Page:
TEGA CAY --
For fans of professional wrestling, life is seen just hours at a time in the storylines carried out through various productions on TV each week, but for former Tega Cay resident Tyler Kluttz, life as a professional wrestler is an everyday thing.
Kluttz, aka Brad Maddox of the WWE, gave his first local interview since bursting onto the scene in 2012 as a rogue referee turned wrestler. Kluttz, 28, graduated from Fort Mill High in 2002 and the College of Charleston in 2006 with a business administration degree.
Going behind a desk, however, wasn’t exactly what he had in mind after college.
“I had always watched professional wrestling growing up before I got into sports in high school,” he said.
“And working toward my degree I kind of got back into it. After I graduated I got a sports marketing job sitting in an office making calls trying to get people to come watch the Charlotte Checkers. It didn’t take me long to figure out that I didn’t want to be in an office. I had always been attracted to athletics and entertainment. So I decided I was going to give a shot at what I really wanted to do.”
Kluttz didn’t take the average path of becoming a professional wrestler by toiling in the “minor leagues” for years; Knowing where he wanted to be, he started out for the top by getting the best training possible.
In 2007 he packed up his life, including a newlywed wife, and moved to Kentucky to be trained by and become part of Ohio Valley Wrestling.
“I don’t remember what my expectations were,” he said. “I got married a month before we moved to Louisville. OVW was the development ground for the WWE at the time and I decided if I was going to do this I wanted to go to the best place possible. I didn’t want to go to any small independent promotions and waste my time.”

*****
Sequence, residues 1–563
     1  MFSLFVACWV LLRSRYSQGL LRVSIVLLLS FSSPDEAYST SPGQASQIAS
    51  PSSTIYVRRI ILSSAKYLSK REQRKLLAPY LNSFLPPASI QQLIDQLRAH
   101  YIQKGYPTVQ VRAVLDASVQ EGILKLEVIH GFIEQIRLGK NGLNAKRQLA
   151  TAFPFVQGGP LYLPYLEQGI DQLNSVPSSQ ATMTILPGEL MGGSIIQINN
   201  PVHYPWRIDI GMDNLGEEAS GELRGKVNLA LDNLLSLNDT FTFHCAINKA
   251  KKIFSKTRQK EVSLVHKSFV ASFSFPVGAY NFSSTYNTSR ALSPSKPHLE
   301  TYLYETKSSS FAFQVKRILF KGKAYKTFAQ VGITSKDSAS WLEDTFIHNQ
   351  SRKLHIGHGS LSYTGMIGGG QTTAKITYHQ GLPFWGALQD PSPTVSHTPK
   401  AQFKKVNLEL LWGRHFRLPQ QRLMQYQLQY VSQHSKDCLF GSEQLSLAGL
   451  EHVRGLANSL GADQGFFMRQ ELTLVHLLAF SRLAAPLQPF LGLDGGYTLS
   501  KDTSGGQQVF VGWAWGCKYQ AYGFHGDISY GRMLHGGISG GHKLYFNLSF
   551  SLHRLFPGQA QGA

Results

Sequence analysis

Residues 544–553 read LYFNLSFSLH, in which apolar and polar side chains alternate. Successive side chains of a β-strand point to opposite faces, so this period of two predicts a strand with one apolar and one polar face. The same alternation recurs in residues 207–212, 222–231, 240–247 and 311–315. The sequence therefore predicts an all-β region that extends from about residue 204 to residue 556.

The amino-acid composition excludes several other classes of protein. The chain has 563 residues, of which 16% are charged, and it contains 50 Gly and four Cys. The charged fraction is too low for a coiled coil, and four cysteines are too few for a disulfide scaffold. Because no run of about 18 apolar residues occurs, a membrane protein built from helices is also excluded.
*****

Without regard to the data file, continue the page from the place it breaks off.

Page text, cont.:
Once enrolled in the program, Kluttz was trained by Joey Matthews, a former tag team wrestler for the WWE. And life went from hard to very hard through all the training.
However, Kluttz didn’t quit when the rest of his class did. In fact, he was literally the only person to make it out of that group of 40.
“He (Matthews) was the first guy who broke me in,” Kluttz said. “He wants to make sure his kids want to be in the system. He made it as tough as he could have and I was pretty stubborn. He would push and I would resist and the more he pushed the more I resisted. The physical training was extremely tough. Thousands of squats and pushups and jumping jacks and all kinds of calisthenics.”
For many wrestlers it takes decades to get to the top of the entertainment business and work for a company like the WWE, but Kluttz said he was that confident in himself; He never expected anything else.
“Knowing what I know now, I don’t know if I would have even started,” he said. “But I have always been that confident in myself that I was going to be able to do it and do it well. Also, I didn’t waste any time. I went right to the training grounds for the WWE. I looked at it as much of a business thing as anything else.”
Not only was the physical aspect of the business hard to come by, but there were other aspects of the business that Kluttz had to master as well – like talking on camera.
“The physical part came really quickly to me,” he said. “I always took to the physical part really easily. Working the mic, that didn’t come natural to me. I had to work really hard at it. I knew I had to pick that part of my game up. I am not that big of a guy or that physically imposing, so I knew I had to talk well. Now I can go out and talk to a crowd off the top of my head and not feel nervous.”